From then on, the process has taken on a certain regularity using well-established guidelines for dealing with bummer lambs.  Most importantly, we needed to get colostrum into Patterdale immediately.  She was approaching the 12-hour-old point after which her system would no longer absorb the critical antibodies that will protect her for several weeks until her own immune system kicks in.  Fortunately for her, in the rare cases we have lost a lamb, Steve has been diligent about milking out the ewe beginning right away and continuing for about a week, in order to have an ample supply of frozen milk for just such occasions.   In this case, Steve was able to strip some milk from Fulmar and boost Patterdale with another ewe’s frozen first milk as well.  Once Patterdale had her furnace running, Steve quickly dipped her navel, tagged her (at last!), and off to our house she went.

Patterdale is pleased to report that her home-away-from-home, a wire dog crate lined with clean straw and a little fresh hay, and seated on the cement floor near our breakfast nook, was quite satisfactory for the first few days.


The crate continues to be her bedroom, but she spends her days in a “run” composed of a leftover set of wire puppy panels and lined with an old college dormitory bedspread in a lovely shade of ovine brown plaid.


Relying on our references of choice, Storey and Parker, we set up a feeding regime to meet the twin goals of getting Patterdale growing, but also avoiding scours by overfeeding.  She only weighed 2 pounds 4 ounces at birth (even smaller than the sainted Miss Otley), so the temptation to stuff her with ewes’ milk (never cows’ milk!) was strong.

Here’s a really short course in bottle feeding an animal the size of a very small Soay lamb, adaptable to your circumstances:  Day one, 2-4 ounces of colostrum if you have it, plus 1-2 ounces more of milk — no more.  Best to administer one ounce (that’s two tablespoons) at a time.  Days 2-6, between 6 and 12 ounces of milk total, depending on the lamb’s enthusiasm for eating.  Second week, 12 ounces or so per day.  If the lamb is getting milk but still hollers, it is probably thirsty.  Feed plain water in the bottle or heavily dilute some milk.  If the lamb starts to scour (diarrhea), cut back on milk but dilute it so the lamb will not dehydrate.  The warnings about scours in Storey and Parker are surprisingly strong.  One of them says bluntly that you can kill a bottle-fed lamb by overfeeding it, so err on the side of underfeeding it.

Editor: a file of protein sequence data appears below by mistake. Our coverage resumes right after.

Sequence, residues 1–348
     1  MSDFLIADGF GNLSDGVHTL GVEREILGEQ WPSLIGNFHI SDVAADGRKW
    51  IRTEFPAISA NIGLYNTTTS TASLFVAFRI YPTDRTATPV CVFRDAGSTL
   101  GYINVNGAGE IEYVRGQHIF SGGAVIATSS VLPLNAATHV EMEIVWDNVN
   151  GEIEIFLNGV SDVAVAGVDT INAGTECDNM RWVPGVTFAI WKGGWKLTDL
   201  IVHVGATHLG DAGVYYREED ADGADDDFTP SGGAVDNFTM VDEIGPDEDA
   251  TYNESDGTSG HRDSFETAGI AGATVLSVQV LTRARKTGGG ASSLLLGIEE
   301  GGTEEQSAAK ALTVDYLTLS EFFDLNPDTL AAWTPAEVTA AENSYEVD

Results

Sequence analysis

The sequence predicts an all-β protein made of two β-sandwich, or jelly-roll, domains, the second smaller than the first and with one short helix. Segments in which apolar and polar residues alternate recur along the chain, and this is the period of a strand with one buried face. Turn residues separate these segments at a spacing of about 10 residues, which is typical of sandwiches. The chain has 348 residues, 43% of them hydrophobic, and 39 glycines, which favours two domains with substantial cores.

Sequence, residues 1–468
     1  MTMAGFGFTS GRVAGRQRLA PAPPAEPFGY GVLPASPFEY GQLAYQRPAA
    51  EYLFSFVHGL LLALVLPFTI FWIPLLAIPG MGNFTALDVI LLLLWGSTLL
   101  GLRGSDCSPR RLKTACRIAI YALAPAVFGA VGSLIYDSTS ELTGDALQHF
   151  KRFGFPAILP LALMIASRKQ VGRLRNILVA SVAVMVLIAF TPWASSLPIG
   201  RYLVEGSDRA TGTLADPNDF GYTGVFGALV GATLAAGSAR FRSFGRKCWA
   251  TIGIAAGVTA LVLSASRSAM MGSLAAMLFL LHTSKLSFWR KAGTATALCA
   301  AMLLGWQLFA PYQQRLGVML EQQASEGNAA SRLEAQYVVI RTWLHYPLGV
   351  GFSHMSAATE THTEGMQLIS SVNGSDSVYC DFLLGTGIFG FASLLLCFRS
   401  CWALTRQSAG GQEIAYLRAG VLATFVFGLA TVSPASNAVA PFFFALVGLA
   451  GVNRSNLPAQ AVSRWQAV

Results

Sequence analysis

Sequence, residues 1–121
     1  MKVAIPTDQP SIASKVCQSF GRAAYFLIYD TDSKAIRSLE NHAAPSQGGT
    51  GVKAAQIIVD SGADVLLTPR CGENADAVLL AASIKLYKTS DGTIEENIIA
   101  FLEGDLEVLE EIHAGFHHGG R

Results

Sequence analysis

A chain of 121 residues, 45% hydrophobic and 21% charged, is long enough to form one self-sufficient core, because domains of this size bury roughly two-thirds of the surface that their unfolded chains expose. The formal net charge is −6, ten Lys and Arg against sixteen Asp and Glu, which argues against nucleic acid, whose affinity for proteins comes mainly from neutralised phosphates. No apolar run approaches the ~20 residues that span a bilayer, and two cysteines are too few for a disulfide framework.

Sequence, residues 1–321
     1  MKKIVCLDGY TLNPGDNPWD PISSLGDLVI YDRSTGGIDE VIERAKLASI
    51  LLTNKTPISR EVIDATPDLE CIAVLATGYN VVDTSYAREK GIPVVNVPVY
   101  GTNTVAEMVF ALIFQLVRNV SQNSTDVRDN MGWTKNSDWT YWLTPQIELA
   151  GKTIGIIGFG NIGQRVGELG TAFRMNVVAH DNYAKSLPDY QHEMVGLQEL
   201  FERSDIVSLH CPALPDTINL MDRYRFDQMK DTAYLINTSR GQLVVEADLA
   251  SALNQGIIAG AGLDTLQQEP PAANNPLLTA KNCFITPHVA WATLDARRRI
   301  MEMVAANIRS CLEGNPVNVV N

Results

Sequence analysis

We have not yet faced the issue of when and how to re-unite Patterdale with her twin, mother, cousins and aunts in the Maternity Ward.  Not surprisingly, we have grown quite attached to our little house companion and Steve delights in sitting in her playpen on a chair scavenged from my kindergarten classroom back in rural Iowa that lets him get closer to her without having to sit his middle-aged carcass on a cement floor.  Molly, our border collie, sits remarkably quietly on the other side of the cage, enjoying the sight of a rescued lamb frolicking around the huge sandals belonging to the gentle giant.


Just a minute, you may ask, haven’t you left out a critical part of this report?  What was going on with Tolcarne?  What on earth possessed her to adopt the little lost soul?  Almost never does a lamb successfully poach off a ewe who is not her mother.  Remember Otley, the lamb who wandered off last year?  Only readers with truly impressive memories will recall that Tolcarne is in fact Otley’s mother, so for Tolcarne, perhaps there was a sense of “been there, done that” this time.  Perhaps Tolcarne remembered her plight last year and was simply returning the favor. On the other hand, shepherds far more experienced than we are long have cautioned that, however altruistic sheep may appear, they are not rocket scientists.  Attributing both long-term memory and a social conscience to Tolcarne seems a bit of a stretch.  We simply will never know why she, of all the ewes, took Patterdale under her care.  I guess that’s the beauty of shepherding – never a dull moment.

For now …

2 Enlightened Replies

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  1. Melinda says:

    Thank you so much for your blog. Our friend brought us an abandoned mouflon lamb yesterday and we’re hoping to help her grow up. She’s got the runs… so now we’re cutting her milk with more water. Will hit the feed store and the vet tomorrow for some electrolytes. She loves her bottle and always wants to eat, so I guess we over did it a little. Thanks for helping us help her. I hope she’ll make it.

  2. priscilla says:

    Melinda – don’t get discouraged too quickly. Once you figure out how much milk replacer, and at what dilution, works for your bummer lamb, she probably will start growing like a weed. At least your mouflon is probably a lot bigger to start with than our little Soay sheep bottle baby. Patterdale is still awfully small, but she still bellows through the barnyard and the feeding areas whenever she recognizes one of our voices. We should have named her “Foghorn.” Good luck with your little one! Priscilla